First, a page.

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Latest health and behavior news and advice from the veterinarians at Tufts University.

Features May 2014 Issue

Does Your Dog Need a Sedative or Painkiller?

Distinguishing canine Alzheimer’s disease from something that hurts physically.

A number of older dogs are brought to our Foster Hospital for Small Animals because they have started engaging in outbursts of bizarre behavior. Before they get here, it has often been assumed that they have developed canine cognitive decline — the dog version of Alzheimer’s — and have been administered sedatives to keep them calm in the throes of their dementia. But what we have found in more than a few cases is that the unusual deportment does not result from dementia but from a condition that causes physical pain. It’s not surprising. Older dogs are more likely than middle aged and younger ones to develop illnesses that cause either intermittent or chronic pain, and it can easily take more than just one visit to a veterinarian to get to the root of the problem.

For that reason, if your geriatric pet starts acting fretful, anxious, or otherwise upset and it seems to come out of nowhere, talk with your vet about not starting with a sedative — a strong drug that will only make your pal groggy and disoriented. Instead, start with an analgesic, or pain reliever, and see if that works. It could mean the difference between something like a Valium and an aspirin, with the aspirin being much more benign.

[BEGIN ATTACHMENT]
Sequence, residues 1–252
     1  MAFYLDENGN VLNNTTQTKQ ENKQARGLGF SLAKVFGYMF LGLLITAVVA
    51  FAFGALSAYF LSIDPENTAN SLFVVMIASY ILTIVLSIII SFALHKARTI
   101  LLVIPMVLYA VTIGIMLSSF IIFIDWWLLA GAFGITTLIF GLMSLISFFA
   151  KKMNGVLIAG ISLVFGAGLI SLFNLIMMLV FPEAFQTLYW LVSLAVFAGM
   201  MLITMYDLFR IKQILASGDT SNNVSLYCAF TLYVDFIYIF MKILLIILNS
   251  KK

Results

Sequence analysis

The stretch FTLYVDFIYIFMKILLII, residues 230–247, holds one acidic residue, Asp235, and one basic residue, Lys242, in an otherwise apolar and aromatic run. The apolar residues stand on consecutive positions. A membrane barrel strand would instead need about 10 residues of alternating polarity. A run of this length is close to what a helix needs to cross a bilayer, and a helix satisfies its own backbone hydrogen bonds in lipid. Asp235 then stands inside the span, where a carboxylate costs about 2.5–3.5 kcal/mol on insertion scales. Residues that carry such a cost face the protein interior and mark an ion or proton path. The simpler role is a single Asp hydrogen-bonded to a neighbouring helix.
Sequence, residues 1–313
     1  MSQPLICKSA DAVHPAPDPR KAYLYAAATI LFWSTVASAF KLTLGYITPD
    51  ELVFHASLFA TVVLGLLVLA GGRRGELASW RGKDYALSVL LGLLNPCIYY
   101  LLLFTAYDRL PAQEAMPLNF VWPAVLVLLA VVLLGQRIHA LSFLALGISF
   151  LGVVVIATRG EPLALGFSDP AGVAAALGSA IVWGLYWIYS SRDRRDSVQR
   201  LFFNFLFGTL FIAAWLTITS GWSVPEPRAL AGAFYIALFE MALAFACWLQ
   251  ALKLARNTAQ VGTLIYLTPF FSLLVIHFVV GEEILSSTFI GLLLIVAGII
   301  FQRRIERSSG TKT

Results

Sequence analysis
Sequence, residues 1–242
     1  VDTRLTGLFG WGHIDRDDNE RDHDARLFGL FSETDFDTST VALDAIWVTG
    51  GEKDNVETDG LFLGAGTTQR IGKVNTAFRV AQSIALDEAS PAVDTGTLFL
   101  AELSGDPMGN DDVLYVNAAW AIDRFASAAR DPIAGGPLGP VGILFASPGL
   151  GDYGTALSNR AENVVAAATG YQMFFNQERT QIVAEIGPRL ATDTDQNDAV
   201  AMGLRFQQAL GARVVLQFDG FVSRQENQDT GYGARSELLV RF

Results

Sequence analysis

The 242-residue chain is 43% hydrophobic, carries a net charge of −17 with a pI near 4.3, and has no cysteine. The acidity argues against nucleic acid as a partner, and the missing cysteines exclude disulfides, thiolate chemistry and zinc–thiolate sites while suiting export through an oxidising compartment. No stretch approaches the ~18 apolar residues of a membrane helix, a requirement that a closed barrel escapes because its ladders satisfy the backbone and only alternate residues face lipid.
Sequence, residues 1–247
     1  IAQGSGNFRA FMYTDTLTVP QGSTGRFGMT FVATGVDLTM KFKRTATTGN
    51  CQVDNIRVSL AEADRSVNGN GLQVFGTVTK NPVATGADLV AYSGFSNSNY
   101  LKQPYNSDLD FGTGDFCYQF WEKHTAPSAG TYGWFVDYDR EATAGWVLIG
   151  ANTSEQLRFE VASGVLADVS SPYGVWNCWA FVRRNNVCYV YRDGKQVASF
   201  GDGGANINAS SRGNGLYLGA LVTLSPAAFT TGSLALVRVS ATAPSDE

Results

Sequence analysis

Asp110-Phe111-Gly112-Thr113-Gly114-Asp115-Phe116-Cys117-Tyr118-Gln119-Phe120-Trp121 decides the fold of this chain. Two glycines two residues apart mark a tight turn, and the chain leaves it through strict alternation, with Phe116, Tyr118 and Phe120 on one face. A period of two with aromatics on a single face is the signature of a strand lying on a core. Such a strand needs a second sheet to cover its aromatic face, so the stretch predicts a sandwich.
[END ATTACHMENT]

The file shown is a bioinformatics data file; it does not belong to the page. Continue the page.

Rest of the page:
Your vet might in fact prescribe a drug similar to aspirin in the form of a nonsteroidal anti-inflammatory drug (NSAID), or maybe amitriptyline (Elavil), an antidepressant that’s effective for the treatment of chronic pain, or even tramadol (Ultram), an opioid. There’s a reasonably good chance it will take the edge off your pet’s pain until the physical cause of his anxious behavior can be identified.

If your dog does turn out to be going through cognitive decline rather than a painful disease, you won’t have caused him any harm. Administering sedatives, on the other hand, does not address what it truly wrong, acting neither on dementia nor a painful condition. It can even make a dog harder to diagnose and treat by masking important clinical signs. 

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